Robert Irwin

New Work

Apr 1 – Apr 30, 2022
New York
Exhibition Details:

Robert Irwin
New Work
Apr 1 – 30, 2022


540 West 25th Street
New York


Press Release


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Above: Robert Irwin, Hells Bells, 2021 © Robert Irwin, courtesy Pace Gallery

Pace is pleased to present an exhibition of new works by the artist and theorist Robert Irwin, who is widely celebrated for his radical lifelong investigation into fundamental questions of perception and has collaborated with the gallery for 56 years.

This presentation will span the first and seventh floors of the gallery and feature seven new works from the artist’s Unlight series—including the largest work of this kind to date—in addition to an installation of six new works from Irwin’s series of columnar sculptures, which explore new chromatic terrain for the artist.

All of the works on view in this exhibition will be shown publicly for the first time. Those from Irwin’s ongoing Unlight series, which will occupy the gallery’s first floor, have been created since the artist first debuted this body of work in 2020 at Pace in New York. Extending ever further his engagement with the conditions of human perception and the phenomenological effects of light, Irwin’s newest Unlight sculptures comprise constellations of unlit six-foot fluorescent fixtures and tubes, installed in vertical rows directly on the gallery walls. Covered in various applications of colored, translucent gels and thin strips of electrical tape, these works feature sumptuous and rhythmic compositions based on the subtle effects of the existing light in a given space, as registered in the reflective surfaces of the glass bulbs and anodized aluminum. The plays between Irwin’s abstract works and the surrounding room result in shifting patterns of shadow and tonality.

Energetic and expansive, Irwin’s latest Unlight works challenge viewers to see their environment in new and unexpected ways. Eschewing electrical power in favor of organic interactions, Irwin defies the viewer’s expectation of the banal objects—light fixtures and electrical tape—that comprise his sculptures. Neither is used for its ostensible purpose. Yet Irwin does not transform these everyday objects into the materials for his work. Instead, he uses them as instruments to conduct his actual materials: “Shadow + Reflection + Color.” Comprising not only the physical objects on the wall, but also these three ephemeral elements of perception, Irwin’s Unlight sculptures offer new possibilities for sensorial encounters between individuals and their surroundings.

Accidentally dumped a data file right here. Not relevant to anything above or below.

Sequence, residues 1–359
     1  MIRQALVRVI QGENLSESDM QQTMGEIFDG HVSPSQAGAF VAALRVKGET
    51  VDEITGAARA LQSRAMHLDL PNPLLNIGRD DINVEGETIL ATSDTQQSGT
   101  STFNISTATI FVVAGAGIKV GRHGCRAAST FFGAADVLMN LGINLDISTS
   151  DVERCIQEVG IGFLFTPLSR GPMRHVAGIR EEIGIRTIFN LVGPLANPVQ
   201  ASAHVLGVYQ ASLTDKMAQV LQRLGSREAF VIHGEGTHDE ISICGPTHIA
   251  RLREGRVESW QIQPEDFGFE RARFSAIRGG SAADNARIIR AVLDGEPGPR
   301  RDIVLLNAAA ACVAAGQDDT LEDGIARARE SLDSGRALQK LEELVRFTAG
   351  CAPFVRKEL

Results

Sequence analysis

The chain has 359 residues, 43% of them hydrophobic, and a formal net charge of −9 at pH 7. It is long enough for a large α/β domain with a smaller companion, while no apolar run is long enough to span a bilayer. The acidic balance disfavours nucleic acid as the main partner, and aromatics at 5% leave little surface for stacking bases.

Installed on the gallery’s seventh floor, Irwin’s new suite of columnar sculptures is constructed from sheets of acrylic pigmented in tones of grey and green, as well as red, which is a color that the artist has never previously explored in this body of work. Irwin has been experimenting with columnar forms made from transparent materials like acrylic since the 1960s, and Pace’s presentation offers a survey of the current state of this important valence of his larger practice. Illusionistic, layered, and multicolored, Irwin’s columns evoke the energetic potentiality of light itself, capturing the radiance of color almost as a physical entity and gesturing to the subjective nature of experience as well as the shared conditions of human perception.

Irwin, who has been exhibiting with Pace since 1966, has maintained his highly innovative and enormously influential practice for more than six decades. A father of the California Light and Space movement, the artist has charted new frontiers throughout his career, expanding the contours of the canon and continually challenging the limits of what art can be. Having developed an Abstract Expressionist approach to painting in the 1950s, Irwin would take up what he has termed a “conditional art” in the 1970s, growing his practice of making installation-based works into the broader field of architecture. For more than three decades, Irwin has used fluorescent lights in his work, and in the last decade he has presented the bulbs and fixtures as the substrate of his sculptural environments. The new works in Pace’s presentation reflect Irwin’s insatiable and ongoing inquiry into the relationships between light, space, and human perception.


Featured Works

Robert Irwin, Greek Speak, 2021, Shadow + Reflection + Color, 6' × 12' 5-1/4" × 4-1/4" (182.9 cm × 379.1 cm × 10.8 cm)
Robert Irwin, Notations, 2021, acrylic, 9' 10" × 50-3/4" × 40" (299.7 cm × 128.9 cm × 101.6 cm)

Installation Views


About the Artist

Robert Irwin is a pioneering figure of the Los Angeles-based Light and Space movement of the 1960s. Beginning his career as a painter, Irwin later began exploring perception and light with his acrylic columns and discs. Irwin employs a wide range of media—including fluorescent lights, fabric scrims, colored and tinted gels, paint, wire, acrylic, and glass—in the creation of site-conditioned works that respond to the context of their specific environments.

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